The word “structure” means diversification, systematicness,
comprehensiveness, and institutionalization. It can be observed
in many circumstance, contents, approaches, and cause-effect
relations in human life.
Generally speaking, there are six major components in the
system of structure-based bioethics, reflecting its structural and
systematic feature from different aspects.
First of all, the orientations of moral philosophy of structure-
based bioethics: by that we refer to people’s moral ideas that
result from the integration of objective reality and subjective
reality. Secondly, the structure-based bioethics is characterized
by its realism, collectivism, high integration of human nature
and institutional construction. Thirdly, the research objective of
structure-based bioethics is not just to identify what people
should do, but more importantly, to understand the social real-
ity that functions as a context for people’s moral ideas and
codes of ethics. This is the foundation to understand the codes
of conduct (Sidgwick, 1901). Fourthly, the research scope of
structure-based bioethics is rather extensive. It includes not
only macro social environment and history, cultural tradition
and moral philosophy, but the social environment, institutional
arrangement and policy framework, and service system for
personal development, particularly the interaction between the
individual and the social environment (Smart & Bernard, 1983).
In other words, the structure-based bioethics explores the moral
philosophy and code of ethics from the perspective of macro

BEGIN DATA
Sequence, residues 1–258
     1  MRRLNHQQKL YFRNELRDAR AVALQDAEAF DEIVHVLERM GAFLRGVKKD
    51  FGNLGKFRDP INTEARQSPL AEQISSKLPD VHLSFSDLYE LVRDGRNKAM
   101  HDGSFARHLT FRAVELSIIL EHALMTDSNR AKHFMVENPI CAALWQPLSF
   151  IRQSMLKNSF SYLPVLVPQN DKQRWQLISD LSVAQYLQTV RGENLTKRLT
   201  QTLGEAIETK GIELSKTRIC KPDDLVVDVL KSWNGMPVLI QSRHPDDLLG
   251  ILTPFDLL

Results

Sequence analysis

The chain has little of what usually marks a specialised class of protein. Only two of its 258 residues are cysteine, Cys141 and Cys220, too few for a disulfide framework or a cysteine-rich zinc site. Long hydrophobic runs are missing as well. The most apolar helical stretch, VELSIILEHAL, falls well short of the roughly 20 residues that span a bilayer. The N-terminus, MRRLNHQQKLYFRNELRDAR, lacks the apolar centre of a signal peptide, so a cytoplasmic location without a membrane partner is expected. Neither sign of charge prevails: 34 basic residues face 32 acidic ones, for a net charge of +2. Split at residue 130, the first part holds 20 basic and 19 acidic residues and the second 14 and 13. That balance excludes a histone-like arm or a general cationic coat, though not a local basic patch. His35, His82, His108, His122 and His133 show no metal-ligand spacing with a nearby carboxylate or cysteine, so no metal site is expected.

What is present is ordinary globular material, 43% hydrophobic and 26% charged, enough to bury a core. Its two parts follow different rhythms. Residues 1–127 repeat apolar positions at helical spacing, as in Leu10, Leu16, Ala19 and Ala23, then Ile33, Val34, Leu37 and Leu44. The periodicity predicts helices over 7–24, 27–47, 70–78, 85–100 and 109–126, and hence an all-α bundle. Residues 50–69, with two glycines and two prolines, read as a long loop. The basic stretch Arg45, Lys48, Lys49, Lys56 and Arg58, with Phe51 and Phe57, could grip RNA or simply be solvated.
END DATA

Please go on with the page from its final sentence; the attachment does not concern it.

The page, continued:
society and social structure. Fifthly, the research perspectives of
structure-based bioethics are not limited to philosophical analy-
sis. It features an interdisciplinary perspective from which the
universal law of the development of moral philosophy will be
examined. Sixthly, the major function of structure-based bio-
ethics is oriented more towards an objective to change the wor ld
rather than one to explain it. So it is meant to contribute to es-
tablishing a harmonious society and harmonious interpersonal
relationship, doctor-patient relationship in particular, through
system building (Zhao, 2005).
The individual-based bioethics is at once a direct and indirect
antithesis to the structure-based bioethics. The systematic and
structural features of structure-based bioethics—as distinct
from individual-based bioethics—are the focus of this paper.
The structure-based bioethics has a wide research scope that
covers people’s social life and individual code of ethics, espe-
cially the interaction between code of ethics and individual
behavioral mode at specific time and under specific circum-
stances. It aims to explore the social determinants that influence
people’s moral philosophy, moral ideas and code of ethics, and
to develop a new system of moral philosophy theory (Li Qi,
1994). The following aspects show the differences between the
two based on an “ideal model”, which may ignore artificial
exaggeration or minimization.
First of all, the most fundamental and prominent characteris-
tic of structure-based bioethics is “sociality or socialization”,